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A Cape Verde hurricane forms from a tropical depression or tropical wave which passed through or near the Cape Verde islands, and strengthens into a named system (eventually becoming a hurricane at some point) in the mid-Atlantic. The initial track of a Cape Verde storm tends to be generally westward from Cape Verde, with a turn to the north at some stage in the track for most storms lasting more than a few days. Once the tropical cyclone begins approaching the 40th meridian west, a Cape Verde hurricane can take several basic tracks and from there diverge, become extra-tropical, or dissipate.
- Windward Islands into the Caribbean Sea, possibly affecting Venezuela to some degree. From there it will often continue westward into Nicaragua, Honduras, or Belize. For example, Hurricane Joan–Miriam took this southerly route in 1988, causing severe flooding in South America, making landfall in Central America, and continuing into the Pacific Basin, just as Hurricane Irene–Olivia did in 1971. Rarely, a storm will make landfall in South America.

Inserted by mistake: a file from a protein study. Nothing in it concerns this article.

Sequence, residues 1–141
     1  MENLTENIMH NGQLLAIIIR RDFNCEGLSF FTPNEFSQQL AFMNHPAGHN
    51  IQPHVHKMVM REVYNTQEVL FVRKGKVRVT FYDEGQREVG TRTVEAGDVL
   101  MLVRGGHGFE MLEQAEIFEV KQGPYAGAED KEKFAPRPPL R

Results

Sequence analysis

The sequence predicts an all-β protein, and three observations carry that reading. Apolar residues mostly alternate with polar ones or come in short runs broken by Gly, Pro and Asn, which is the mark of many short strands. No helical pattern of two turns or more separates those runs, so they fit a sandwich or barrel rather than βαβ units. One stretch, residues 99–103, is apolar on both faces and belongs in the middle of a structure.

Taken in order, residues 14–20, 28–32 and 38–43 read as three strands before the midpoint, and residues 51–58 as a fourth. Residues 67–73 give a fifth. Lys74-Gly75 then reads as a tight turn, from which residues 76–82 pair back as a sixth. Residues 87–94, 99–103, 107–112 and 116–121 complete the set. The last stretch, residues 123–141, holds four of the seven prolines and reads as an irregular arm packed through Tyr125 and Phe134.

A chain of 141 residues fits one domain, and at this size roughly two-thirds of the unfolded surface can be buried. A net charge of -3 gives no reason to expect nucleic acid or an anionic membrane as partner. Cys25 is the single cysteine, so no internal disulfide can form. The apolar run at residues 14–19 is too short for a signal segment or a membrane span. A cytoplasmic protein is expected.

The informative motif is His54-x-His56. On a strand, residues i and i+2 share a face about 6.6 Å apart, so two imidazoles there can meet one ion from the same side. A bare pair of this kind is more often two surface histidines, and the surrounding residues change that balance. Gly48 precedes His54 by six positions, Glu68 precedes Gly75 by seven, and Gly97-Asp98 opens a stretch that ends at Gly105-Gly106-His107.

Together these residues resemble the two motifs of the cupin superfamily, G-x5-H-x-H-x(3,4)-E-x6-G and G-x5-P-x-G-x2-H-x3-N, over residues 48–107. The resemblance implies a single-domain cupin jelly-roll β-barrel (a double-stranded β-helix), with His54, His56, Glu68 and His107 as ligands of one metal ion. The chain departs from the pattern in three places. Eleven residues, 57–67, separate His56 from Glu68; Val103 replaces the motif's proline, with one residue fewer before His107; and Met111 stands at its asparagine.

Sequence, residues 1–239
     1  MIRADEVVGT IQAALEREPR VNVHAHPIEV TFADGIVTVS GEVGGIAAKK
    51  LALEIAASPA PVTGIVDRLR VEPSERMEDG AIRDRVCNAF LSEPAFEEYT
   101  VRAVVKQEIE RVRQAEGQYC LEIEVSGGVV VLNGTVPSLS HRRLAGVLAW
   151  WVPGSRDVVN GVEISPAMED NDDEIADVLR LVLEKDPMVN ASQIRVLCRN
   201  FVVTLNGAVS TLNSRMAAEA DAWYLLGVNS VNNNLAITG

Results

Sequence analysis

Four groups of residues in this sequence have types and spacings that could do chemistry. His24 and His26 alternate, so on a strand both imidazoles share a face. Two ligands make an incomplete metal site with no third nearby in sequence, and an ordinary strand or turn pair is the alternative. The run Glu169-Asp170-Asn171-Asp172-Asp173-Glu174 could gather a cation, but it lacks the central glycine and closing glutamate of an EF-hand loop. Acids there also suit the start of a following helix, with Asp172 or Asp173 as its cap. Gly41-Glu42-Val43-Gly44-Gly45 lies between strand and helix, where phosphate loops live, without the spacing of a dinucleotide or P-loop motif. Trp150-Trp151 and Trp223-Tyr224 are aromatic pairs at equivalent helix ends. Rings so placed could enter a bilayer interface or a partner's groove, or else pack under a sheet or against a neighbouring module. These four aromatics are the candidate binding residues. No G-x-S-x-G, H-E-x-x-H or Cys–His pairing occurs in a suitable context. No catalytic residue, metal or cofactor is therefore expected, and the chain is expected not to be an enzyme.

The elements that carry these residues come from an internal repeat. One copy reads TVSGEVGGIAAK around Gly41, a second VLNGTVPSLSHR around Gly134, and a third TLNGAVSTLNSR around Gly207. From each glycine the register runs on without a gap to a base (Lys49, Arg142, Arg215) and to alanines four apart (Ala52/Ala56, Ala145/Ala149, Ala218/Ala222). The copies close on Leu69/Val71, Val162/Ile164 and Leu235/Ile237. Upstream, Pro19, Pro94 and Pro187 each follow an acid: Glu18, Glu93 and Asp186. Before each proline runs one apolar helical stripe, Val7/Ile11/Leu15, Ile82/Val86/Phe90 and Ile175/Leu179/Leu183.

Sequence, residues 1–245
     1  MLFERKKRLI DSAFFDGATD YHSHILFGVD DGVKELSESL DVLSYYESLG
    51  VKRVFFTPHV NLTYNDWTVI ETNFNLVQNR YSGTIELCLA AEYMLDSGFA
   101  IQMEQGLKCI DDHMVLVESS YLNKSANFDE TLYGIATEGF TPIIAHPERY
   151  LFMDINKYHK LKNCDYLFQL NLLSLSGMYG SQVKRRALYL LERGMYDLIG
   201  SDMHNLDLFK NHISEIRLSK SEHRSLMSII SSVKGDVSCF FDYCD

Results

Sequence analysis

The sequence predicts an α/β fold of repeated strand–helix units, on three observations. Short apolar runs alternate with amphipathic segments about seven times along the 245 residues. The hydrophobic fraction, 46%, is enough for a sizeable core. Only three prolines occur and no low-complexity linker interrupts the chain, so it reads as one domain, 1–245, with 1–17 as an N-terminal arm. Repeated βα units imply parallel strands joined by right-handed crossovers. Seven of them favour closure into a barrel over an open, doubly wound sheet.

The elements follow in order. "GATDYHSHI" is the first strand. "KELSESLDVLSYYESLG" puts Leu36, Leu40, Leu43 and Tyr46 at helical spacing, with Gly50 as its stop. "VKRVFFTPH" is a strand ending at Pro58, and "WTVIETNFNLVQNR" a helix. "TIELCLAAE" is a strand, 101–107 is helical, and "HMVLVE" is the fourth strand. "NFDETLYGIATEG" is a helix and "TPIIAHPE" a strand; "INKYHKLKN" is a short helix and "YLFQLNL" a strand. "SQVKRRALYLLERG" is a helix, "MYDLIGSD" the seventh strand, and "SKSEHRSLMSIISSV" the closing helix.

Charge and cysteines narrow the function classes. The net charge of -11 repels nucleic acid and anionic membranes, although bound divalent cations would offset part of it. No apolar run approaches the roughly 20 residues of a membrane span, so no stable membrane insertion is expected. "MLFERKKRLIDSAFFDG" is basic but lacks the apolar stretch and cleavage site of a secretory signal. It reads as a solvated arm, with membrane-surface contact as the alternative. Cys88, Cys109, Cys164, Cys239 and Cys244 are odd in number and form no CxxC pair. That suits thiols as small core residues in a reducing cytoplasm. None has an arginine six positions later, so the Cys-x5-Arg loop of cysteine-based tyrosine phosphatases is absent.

- Yucatán Peninsula as they travel westward through the Caribbean, entering the Gulf of Mexico near its western extent. Hurricane Emily of 2005 struck the Yucatán Peninsula before entering the Gulf and continuing northwest, skirting the Bay of Campeche. Hurricane Ivan of 2004 began with a very southerly route yet it made landfall far to the north in Alabama. Somewhere in the middle of these extremes, storms such as 1980s Hurricane Allen pass unabated into the Gulf of Mexico on their way to landfall in Texas or Mexico. Many of these hurricanes strike Jamaica on their way to the Gulf, like the Galveston Hurricane of 1915 and Hurricane Gilbert of 1988. Hurricane Janet of 1955 is remembered as one of the deadliest and strongest storms to strike the Yucatán Peninsula of Mexico.